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Common Hazards

Being ready for any emergency is the best way to prepare yourself for the unexpected. Sometimes there is no way of knowing that an emergency is coming, but knowing what hazards are common for Dartmouth and the surrounding area can minimize their effects. Use the information about the following hazards to be informed and be prepared. Be sure to know emergency procedures as well.

Scroll through the sections below, or jump to:

Power Outages

Severe weather, extreme heat, and electrical grid malfunctions can result in Dartmouth losing power for an undetermined amount of time. A large portion of the electricity that Dartmouth relies on is produced on campus by the heating plant, but the rest is supplied by commercial sources not under Dartmouth's control. While short power outages rarely result in serious hazards, long term outages can be inconvenient and hazardous.  

Our electrical grid is controlled by Liberty Utilities. To determine the extent of an outage go to Liberty Utilities Outage Map.  Contact the Dartmouth Work Control Center 603-646-2508 to report the outage.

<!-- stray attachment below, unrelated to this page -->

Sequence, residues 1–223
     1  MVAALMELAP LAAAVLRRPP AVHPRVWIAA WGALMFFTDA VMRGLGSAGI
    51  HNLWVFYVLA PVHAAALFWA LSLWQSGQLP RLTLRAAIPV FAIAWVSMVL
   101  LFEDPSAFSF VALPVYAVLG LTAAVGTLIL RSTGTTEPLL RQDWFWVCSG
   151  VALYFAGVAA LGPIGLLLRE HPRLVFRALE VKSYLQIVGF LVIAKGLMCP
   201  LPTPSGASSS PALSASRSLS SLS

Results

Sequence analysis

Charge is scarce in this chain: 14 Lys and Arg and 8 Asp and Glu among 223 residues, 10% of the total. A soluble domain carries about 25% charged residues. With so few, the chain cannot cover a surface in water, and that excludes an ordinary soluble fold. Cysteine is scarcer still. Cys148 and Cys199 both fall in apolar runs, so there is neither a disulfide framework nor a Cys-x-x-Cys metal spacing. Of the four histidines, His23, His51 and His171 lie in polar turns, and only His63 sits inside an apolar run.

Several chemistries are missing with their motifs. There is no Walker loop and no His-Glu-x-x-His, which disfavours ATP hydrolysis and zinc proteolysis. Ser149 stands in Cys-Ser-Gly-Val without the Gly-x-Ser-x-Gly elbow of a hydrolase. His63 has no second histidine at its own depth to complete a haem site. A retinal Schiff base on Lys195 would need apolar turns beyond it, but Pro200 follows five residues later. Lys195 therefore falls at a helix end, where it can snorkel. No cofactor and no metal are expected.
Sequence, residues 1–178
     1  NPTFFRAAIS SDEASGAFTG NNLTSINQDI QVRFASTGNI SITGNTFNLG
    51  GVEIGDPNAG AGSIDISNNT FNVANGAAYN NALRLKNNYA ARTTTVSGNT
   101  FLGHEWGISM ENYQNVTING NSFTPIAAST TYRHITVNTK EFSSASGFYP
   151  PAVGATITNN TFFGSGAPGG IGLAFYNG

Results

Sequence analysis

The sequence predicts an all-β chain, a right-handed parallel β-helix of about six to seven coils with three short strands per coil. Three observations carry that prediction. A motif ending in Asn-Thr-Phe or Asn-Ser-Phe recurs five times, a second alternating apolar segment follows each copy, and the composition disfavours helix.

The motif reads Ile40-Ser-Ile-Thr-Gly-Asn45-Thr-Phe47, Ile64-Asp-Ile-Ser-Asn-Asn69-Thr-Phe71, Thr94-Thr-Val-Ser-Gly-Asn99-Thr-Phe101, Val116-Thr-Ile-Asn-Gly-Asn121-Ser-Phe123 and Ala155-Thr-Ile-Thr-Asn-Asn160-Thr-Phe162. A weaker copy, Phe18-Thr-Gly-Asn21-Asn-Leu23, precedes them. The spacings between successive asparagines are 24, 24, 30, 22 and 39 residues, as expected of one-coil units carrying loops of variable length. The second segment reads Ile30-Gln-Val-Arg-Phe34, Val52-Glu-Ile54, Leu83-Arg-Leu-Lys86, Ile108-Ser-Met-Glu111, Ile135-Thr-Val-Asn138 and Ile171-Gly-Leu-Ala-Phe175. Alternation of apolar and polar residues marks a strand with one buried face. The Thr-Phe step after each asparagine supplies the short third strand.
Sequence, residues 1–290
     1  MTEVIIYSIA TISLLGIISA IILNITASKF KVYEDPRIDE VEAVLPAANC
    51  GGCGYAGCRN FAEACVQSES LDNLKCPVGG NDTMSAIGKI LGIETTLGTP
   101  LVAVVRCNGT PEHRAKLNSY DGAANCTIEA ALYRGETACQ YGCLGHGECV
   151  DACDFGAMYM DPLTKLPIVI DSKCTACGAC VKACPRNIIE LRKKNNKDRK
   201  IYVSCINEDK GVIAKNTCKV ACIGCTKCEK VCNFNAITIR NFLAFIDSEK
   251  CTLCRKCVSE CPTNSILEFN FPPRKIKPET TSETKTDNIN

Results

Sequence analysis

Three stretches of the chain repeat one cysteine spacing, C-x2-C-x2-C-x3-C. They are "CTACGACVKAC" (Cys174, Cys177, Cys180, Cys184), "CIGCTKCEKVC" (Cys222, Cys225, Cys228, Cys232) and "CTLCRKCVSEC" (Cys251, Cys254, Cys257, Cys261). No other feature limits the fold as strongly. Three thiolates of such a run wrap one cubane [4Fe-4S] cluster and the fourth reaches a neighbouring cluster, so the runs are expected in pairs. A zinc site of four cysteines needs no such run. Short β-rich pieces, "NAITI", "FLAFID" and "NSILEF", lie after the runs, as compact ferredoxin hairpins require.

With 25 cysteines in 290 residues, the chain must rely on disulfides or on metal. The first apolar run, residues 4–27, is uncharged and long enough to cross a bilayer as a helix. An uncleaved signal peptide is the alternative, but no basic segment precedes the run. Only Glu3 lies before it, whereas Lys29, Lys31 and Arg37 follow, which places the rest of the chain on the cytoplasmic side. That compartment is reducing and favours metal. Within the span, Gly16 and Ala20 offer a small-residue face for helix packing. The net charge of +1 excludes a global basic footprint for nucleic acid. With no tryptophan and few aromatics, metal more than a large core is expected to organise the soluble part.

Understand the impacts: 

  • Many buildings on campus have generators, but in most cases these only support life safety equipment (fire alarms, emergency egress lighting, etc.). 
  • VOiP phones will only work as long as the network is operational.  In most buildings this will be approximately 30 mins.  
  • The wireless network will also begin to fail after approximately 30 mins. 
  • The heating plant can generate power, but depending on circumstances can take up to several hours to be operational and will only include some buildings on the Main Campus electrical feed.  
  • Take care when navigating dark spaces.
  • Do not use candles in Dartmouth buildings; take extreme care if using them off campus.
  • Do not attempt to access electrical control panels.
  • Monitor local radio stations for updates and recommendations.
  • Turn off all lights, computers, and appliances to avoid a surge when the power is restored.  

To be prepared...

  • Keep one or more flashlights and spare batteries easily accessible.
  • Use a surge protector for valuable electronic equipment.
  • Laboratories should plan for research continuity and understand what in their facility is on generator back-up.  
  • Keep a battery operated or hand-crank radio accessible.
  • Backup your data on an external hard drive or other media.
  • Remember that ATMs and cash registers often do not work in a power outage.
  • Keep your cell phone charged regularly and limit its use during an outage to extend battery life.


For a full guide, visit Ready.gov: Blackouts

Excessive Heat